What was that?! The bark of a dog? The whinny of a horse? The unmistakable “reeeep, reeeep” of crickets in the classroom? (Definitely not after you have just posed a question!) All of these are included in the plethora of ways you can alert your students that you want their attention.
What should be used to signal students? Any type of animal call or small percussion instrument – even the clap of a hand is easily employed as a student signal. There are literally scads of electronic sound files that could effortlessly be utilized in the classroom as attention alerts as well.
Why use sounds to signal students? Besides being novel, unique, and of high interest to students, audio sound signals for students are an essential classroom management tool. This strategy allows the teacher to gain students’ attention whenever he or she needs it. Signals are also more efficient and respectful than yelling or calling out “Hey, kids”, using too much talk to ask for students’ attention, or turning the room lights on and off. Keep these tips in mind for using signals successfully:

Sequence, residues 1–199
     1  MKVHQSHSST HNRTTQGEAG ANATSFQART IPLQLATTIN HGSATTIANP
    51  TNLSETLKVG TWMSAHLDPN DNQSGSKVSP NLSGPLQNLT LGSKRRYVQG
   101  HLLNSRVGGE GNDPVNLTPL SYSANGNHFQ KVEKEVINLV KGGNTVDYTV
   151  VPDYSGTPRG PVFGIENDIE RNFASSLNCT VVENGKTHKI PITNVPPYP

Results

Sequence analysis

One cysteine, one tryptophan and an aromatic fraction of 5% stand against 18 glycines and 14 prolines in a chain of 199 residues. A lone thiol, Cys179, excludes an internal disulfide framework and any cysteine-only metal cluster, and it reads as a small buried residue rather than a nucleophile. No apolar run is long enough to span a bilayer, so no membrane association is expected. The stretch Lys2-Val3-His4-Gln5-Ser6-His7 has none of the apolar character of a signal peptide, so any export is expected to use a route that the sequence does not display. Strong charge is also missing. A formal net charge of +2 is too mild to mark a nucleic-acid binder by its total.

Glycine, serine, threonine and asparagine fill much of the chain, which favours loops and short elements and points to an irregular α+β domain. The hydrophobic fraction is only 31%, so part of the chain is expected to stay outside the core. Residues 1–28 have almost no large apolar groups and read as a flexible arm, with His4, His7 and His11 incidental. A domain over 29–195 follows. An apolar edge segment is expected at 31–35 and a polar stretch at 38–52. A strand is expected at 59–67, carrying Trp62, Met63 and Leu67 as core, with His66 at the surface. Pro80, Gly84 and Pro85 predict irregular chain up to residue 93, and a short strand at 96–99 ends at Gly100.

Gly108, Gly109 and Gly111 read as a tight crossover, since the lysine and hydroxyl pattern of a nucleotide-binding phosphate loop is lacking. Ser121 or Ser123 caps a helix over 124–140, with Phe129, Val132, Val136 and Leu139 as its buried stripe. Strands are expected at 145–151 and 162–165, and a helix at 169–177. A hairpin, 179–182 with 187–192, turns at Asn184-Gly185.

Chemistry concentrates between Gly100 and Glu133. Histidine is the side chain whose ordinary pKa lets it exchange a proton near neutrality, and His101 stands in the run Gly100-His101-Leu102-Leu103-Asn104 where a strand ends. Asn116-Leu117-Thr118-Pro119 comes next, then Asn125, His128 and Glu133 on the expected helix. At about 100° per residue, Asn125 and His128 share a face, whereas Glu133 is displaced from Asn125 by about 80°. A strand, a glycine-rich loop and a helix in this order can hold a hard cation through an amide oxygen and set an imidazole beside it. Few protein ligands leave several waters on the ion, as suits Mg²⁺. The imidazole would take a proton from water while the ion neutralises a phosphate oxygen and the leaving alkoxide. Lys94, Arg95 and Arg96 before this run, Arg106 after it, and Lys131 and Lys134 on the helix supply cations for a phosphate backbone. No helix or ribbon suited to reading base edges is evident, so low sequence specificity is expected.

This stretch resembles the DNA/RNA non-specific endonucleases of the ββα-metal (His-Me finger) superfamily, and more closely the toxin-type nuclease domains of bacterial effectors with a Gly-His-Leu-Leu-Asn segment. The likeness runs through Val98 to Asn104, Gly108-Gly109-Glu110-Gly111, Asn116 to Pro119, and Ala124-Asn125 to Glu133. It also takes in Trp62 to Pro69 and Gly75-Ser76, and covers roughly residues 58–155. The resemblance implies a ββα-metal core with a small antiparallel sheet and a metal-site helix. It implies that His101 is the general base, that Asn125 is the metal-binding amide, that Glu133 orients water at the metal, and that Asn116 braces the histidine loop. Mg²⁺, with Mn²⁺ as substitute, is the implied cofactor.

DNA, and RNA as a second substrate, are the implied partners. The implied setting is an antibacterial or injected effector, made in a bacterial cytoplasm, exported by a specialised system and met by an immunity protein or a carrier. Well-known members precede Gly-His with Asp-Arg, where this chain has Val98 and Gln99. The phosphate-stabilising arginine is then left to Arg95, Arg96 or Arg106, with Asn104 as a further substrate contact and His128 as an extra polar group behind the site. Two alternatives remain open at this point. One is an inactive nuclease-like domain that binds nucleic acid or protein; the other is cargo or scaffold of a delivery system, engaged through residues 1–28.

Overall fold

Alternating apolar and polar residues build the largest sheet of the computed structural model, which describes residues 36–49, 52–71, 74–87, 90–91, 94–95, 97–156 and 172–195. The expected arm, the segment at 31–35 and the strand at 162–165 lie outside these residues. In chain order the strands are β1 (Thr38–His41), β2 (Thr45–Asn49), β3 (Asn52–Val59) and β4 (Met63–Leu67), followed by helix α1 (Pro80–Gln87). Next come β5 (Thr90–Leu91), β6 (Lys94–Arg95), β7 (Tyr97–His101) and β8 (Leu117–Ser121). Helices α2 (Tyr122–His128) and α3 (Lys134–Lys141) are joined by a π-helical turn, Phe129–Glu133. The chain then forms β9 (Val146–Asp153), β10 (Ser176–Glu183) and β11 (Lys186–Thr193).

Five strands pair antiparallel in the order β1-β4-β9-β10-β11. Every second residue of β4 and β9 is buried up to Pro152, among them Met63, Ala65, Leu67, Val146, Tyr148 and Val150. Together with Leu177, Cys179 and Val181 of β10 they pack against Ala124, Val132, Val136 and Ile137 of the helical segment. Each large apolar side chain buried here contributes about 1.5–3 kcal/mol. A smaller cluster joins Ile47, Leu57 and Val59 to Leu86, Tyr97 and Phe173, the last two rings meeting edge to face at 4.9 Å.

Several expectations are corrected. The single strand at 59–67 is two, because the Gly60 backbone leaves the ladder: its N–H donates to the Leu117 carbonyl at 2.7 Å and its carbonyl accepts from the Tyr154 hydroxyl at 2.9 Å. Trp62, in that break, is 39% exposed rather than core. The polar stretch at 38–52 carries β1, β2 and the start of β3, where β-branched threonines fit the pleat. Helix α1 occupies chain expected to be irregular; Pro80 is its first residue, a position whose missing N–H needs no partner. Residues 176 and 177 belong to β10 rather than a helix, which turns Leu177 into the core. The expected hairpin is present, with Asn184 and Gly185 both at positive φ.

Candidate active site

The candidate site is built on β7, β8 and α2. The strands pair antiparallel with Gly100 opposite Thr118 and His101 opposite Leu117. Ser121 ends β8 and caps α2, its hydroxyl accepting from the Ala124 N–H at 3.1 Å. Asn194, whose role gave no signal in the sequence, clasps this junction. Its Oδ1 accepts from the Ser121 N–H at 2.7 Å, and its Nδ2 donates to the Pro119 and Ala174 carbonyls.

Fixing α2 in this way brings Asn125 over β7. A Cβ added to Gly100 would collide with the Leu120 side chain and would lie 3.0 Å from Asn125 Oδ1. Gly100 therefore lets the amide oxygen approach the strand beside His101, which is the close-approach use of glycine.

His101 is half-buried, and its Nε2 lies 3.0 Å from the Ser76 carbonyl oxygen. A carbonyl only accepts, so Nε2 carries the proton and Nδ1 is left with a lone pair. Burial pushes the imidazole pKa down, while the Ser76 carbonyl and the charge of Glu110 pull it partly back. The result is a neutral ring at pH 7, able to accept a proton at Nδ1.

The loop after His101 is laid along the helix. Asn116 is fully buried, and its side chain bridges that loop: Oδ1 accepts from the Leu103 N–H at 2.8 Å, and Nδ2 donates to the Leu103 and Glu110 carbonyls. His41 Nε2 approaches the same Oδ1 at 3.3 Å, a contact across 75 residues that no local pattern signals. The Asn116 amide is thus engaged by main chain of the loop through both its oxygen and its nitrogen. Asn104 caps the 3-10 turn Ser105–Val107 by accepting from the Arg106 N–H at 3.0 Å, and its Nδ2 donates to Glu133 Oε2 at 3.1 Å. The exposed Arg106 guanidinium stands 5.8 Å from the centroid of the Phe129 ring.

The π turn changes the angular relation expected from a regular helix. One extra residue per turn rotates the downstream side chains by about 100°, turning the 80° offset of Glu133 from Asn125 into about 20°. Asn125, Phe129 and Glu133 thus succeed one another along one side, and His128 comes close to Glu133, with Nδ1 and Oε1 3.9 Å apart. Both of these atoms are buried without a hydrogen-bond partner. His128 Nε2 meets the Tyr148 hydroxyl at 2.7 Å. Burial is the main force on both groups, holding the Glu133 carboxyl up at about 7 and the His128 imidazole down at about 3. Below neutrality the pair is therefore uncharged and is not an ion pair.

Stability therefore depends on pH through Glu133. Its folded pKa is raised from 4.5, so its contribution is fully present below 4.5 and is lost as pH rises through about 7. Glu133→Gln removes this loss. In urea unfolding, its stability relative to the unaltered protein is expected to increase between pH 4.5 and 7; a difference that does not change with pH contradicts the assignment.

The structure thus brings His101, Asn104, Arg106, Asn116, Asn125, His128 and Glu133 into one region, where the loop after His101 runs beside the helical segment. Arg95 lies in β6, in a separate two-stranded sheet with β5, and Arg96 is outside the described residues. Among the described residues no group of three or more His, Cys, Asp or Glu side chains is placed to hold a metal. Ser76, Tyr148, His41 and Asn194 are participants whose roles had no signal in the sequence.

Model how students should respond to signals for attention. Teach them exactly how the signal and their response to it will look and sound, and give them plenty of practice.
Expecting immediate silence may be unrealistic. People have a natural need to get to a stopping point in their conversation or work (5-10 seconds should do it).
Don’t start speaking before everyone is silent. Waiting to speak lets students know that everyone is expected to respond to the signal promptly – no exceptions, no excuses.
Don’t repeat the signal if it doesn’t get students’ attention the first time. Repeating the signal teaches students that they don’t have to focus and give you their attention right away—they can wait for the second or third repetition before they comply.
Be consistent when using established signals, or the signals will lose their power. A teacher could easily lose credibility as students will wonder if you really mean what you say and say what you mean.
Whether a clap rhythm, a drum, a chime, a rain stick, or a bird call, signaling your students and effectively gaining their attention and focus can be as easy as tying a shoelace. It takes practice, but once this simple and inexpensive routine is mastered it works every time! To learn more about signals, how to use them, and how to teach them, read “Signals for Quiet”, or watch Caltha Crowe in action using signals with a third grade class.